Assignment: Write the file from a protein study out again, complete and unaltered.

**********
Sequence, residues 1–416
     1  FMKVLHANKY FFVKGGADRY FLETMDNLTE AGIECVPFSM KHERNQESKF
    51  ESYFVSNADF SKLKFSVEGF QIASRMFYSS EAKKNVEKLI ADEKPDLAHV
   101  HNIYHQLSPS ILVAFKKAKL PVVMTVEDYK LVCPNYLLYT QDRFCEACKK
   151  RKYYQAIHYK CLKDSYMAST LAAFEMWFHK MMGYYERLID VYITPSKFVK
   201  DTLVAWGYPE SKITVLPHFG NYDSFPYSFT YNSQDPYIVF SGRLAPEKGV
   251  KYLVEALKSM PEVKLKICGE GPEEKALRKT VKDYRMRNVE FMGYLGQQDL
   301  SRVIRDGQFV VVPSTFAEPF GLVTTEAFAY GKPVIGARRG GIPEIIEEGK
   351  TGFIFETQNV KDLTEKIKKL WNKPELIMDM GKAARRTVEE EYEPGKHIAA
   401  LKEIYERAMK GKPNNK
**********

Sequence, residues 1–416
     1  FMKVLHANKY FFVKGGADRY FLETMDNLTE AGIECVPFSM KHERNQESKF
    51  ESYFVSNADF SKLKFSVEGF QIASRMFYSS EAKKNVEKLI ADEKPDLAHV
   101  HNIYHQLSPS ILVAFKKAKL PVVMTVEDYK LVCPNYLLYT QDRFCEACKK
   151  RKYYQAIHYK CLKDSYMAST LAAFEMWFHK MMGYYERLID VYITPSKFVK
   201  DTLVAWGYPE SKITVLPHFG NYDSFPYSFT YNSQDPYIVF SGRLAPEKGV
   251  KYLVEALKSM PEVKLKICGE GPEEKALRKT VKDYRMRNVE FMGYLGQQDL
   301  SRVIRDGQFV VVPSTFAEPF GLVTTEAFAY GKPVIGARRG GIPEIIEEGK
   351  TGFIFETQNV KDLTEKIKKL WNKPELIMDM GKAARRTVEE EYEPGKHIAA
   401  LKEIYERAMK GKPNNK